Q&A: Edelman’s Michelle Hutton on how the UK PR market compares to the local market

Michelle HuttonAt the end of last year Michelle Hutton was promoted to Edelman global practice chair, consumer, ending her four and a half years as Edelman Australia CEO. Back in Australia for the first time since her promotion, Hutton sat down with Miranda Ward to discuss the state of the industry.

How does the UK PR market compare to the local PR market?

I spent some time with the team here going through some of the work and it just reminded me that the Australian communications marketing PR industry is leading the way. We continue to do amazingly creative, insight-led big thinking campaigns that get up.

It’s the type of market here that perhaps because we’re a developed sophisticated marketing communications market and we’re smaller that we’re able to be a bit more nimble. We have the benefits of being small and a sophisticated market. Whatever it is, this market continues to do hugely innovative, creative public relations communications work.

What are some of the challenges facing the space?

In some respects we lost the social media race.

Public relations has inherently been built on how to create a great conversation and how to encourage and earn a shareable conversation, that’s in our DNA.

We have a great opportunity to think about how do we make sure that over the next five years we are somewhat redefining a new category. Here at Edelman we call it communications marketing. We think there is a great opportunity to help communications functions internally be better aligned with marketing and vice versa.

If you think about the marketing function, if you think about the CMO, never before has a CMO needed to know about the world of comms. If I’m a CMO I need to know about how do I get my internal employees across the whole organisation understanding the brands and living and communicating the brand values – so I have to know about internal comms.

Never before have I had to understand the political nature of the environment that I’m dealing with, what regulations are coming, what’s not coming, what do I need, what do I need to be mindful of? In the whole shared peer-to-peer economy, how do I listen better? How do I align myself to communications better to understand what people are saying? How do I adapt really quickly and be flexible and nimble?

Vice versa on the comms side internally within organisations, never before have communications people had to learn more about the brand piece.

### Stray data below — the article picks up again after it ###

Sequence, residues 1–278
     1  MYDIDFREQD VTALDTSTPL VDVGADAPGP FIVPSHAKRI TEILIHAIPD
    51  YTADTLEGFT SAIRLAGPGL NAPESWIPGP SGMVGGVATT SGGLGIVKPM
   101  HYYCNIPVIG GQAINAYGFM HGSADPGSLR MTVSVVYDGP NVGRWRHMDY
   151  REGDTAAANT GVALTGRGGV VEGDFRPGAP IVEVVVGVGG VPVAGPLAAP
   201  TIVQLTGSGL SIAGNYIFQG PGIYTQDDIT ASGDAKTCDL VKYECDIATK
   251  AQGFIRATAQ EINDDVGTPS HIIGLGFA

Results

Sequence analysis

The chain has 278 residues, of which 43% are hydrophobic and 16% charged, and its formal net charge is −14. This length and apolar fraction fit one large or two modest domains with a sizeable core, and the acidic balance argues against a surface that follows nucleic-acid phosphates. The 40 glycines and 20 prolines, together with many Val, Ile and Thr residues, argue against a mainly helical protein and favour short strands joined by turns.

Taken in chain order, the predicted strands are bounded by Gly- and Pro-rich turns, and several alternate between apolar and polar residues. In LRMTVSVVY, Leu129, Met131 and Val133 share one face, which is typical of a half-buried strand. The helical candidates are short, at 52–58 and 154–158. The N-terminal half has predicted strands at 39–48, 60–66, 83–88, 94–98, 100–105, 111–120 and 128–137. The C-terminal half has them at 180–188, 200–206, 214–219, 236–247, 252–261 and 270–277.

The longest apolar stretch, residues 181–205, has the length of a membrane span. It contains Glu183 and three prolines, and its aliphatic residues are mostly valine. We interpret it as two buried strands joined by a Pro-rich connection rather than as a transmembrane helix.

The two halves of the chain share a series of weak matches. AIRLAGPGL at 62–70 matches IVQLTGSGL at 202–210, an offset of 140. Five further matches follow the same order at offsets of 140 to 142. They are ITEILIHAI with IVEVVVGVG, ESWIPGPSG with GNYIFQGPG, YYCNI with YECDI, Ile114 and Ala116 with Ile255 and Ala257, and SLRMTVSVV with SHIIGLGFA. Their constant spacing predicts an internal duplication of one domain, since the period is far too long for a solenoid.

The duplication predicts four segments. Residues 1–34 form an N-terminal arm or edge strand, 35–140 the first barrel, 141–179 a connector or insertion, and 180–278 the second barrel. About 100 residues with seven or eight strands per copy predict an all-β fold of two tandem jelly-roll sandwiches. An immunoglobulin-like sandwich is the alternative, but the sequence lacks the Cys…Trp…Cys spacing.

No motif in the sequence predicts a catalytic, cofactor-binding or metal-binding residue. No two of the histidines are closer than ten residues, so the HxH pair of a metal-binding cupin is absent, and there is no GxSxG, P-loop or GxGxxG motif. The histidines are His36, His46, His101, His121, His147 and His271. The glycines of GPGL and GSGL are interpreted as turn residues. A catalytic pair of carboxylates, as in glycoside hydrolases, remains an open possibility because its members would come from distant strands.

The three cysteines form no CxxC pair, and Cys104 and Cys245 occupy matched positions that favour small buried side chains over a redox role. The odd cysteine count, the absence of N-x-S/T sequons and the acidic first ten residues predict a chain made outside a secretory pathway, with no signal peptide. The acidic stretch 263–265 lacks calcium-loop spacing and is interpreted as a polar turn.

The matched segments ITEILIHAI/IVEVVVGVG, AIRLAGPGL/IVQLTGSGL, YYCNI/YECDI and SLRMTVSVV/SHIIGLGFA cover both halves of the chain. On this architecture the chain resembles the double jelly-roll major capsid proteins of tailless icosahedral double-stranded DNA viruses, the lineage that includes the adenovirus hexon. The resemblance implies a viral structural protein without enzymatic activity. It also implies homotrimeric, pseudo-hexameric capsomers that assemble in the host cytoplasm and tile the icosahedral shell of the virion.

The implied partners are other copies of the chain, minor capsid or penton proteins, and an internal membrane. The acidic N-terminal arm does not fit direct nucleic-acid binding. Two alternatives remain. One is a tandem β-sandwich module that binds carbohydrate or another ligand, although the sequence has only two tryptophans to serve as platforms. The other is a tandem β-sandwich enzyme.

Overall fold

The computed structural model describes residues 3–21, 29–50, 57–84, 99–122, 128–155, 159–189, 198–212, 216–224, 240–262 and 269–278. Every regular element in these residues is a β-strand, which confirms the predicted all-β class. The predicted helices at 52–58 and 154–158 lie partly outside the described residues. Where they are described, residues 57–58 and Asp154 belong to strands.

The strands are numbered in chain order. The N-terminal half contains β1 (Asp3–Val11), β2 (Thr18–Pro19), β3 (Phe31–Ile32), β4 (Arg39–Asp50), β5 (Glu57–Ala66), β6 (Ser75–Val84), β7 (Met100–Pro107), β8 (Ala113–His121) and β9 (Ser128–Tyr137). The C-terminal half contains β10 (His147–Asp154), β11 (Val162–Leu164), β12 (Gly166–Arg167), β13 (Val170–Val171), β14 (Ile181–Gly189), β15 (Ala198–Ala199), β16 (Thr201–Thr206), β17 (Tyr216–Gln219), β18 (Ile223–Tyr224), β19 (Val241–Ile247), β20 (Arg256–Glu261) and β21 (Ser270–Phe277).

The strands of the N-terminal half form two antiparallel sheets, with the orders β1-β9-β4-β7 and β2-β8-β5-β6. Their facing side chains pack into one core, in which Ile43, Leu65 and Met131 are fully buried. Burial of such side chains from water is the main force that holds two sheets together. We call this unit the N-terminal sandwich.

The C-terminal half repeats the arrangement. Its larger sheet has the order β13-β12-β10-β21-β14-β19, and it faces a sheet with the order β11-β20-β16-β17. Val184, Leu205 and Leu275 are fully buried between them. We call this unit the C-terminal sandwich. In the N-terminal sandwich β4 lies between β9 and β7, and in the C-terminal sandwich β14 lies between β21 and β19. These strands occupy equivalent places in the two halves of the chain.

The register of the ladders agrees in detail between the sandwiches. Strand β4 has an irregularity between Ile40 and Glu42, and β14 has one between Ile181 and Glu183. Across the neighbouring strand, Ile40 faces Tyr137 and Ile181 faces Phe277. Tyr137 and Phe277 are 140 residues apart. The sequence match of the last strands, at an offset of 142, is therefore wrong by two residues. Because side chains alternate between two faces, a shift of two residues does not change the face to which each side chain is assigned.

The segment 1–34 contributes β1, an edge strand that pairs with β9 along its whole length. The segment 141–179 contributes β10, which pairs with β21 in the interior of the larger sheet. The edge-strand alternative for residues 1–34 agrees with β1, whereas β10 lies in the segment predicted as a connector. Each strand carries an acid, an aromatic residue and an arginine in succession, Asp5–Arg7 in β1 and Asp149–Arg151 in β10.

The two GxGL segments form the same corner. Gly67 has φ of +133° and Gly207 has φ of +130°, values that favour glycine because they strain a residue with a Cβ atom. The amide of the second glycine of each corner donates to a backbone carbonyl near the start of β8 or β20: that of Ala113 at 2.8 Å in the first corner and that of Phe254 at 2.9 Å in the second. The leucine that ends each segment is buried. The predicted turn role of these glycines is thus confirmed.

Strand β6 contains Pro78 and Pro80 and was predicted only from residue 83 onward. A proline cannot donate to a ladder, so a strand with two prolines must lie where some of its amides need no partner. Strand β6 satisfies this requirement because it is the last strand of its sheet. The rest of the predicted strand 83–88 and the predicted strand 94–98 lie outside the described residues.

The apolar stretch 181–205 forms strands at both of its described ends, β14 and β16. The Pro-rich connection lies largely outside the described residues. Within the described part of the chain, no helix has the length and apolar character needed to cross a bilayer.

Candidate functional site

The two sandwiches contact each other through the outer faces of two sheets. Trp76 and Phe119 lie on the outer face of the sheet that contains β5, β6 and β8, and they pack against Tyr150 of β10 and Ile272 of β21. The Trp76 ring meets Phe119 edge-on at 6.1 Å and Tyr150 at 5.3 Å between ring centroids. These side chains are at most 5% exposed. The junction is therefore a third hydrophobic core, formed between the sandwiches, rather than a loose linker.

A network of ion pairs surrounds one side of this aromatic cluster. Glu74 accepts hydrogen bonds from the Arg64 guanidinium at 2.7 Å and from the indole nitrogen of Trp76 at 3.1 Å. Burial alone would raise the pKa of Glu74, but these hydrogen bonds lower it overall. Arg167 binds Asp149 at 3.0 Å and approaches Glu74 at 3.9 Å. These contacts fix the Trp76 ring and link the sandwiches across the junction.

What’s happening is this real construct between comms and marketing and how to bring those functions together more because they have to.

Does PR deserve a bigger share of the marketing budget?

I don’t know if it’s a budgetary conversation. It’s certainly an ideas conversation. Public relations people have the ability to help marketers create incredibly impactful ideas that will make a real difference to either a brand’s reputation or a brand positioning.

We have the opportunity to be the lead idea discipline more than what we currently do now.

The turf war – agencies are trying to do everything now: PR, social, digital etc. Are we going to see PR agencies absorbed into a larger full-service model?

No I don’t. I look at it in a slightly different way. If you look at the white space, or the new opportunity, the new need, whatever you want to call it in the middle and then you’ve got public relations agencies, creative agencies, media agencies,  digital agencies all racing to that space and that opportunity.

But if you think about it every discipline is coming to that with a slightly difference nuance or a slightly different perspective.

I don’t know if one discipline is necessarily going to win the race or win the pot, I doubt that.

I certainly think that public relations and communications professionals because of our understanding around earned sensibility of campaigns and idea, I certainly think we have the opportunity to have more of the ideas that are bought in that space.

Poem’s Rob Lowe said the rise of influencers is one of the biggest challenges to the traditional PR space – what are your thoughts?

I think it’s an opportunity, I don’t think of it as a challenge.

If I think of the Edelman business, I was just on the west coast in the US – Edelman has a massive digital business – the bulk of the work we’re doing out of the west coast which tends to be somewhat more innovative, it’s video influencer work. We’re at the forefront advising clients on who are the key influencers, how to work with them. It’s a rising part of our business and that’s what I think is driving the new era of growth in our digital business.

For ad agencies there has been a growing trend for clients to ditch retainers in favour or working with clients on a project-by-project base, is this a trend you’re seeing in the PR sector?

Yes. Around the world we are now seeing, we are finding ourselves not just at the table but given the opportunity to present ideas that marketers are buying. We are finding more and more, the communications client is incredibly important to us and will remain so, but increasingly it is the marketing client that is seeing the relevance and what we can bring to the table.

  • Miranda Ward is Mumbrella’s public relations and publishing editor

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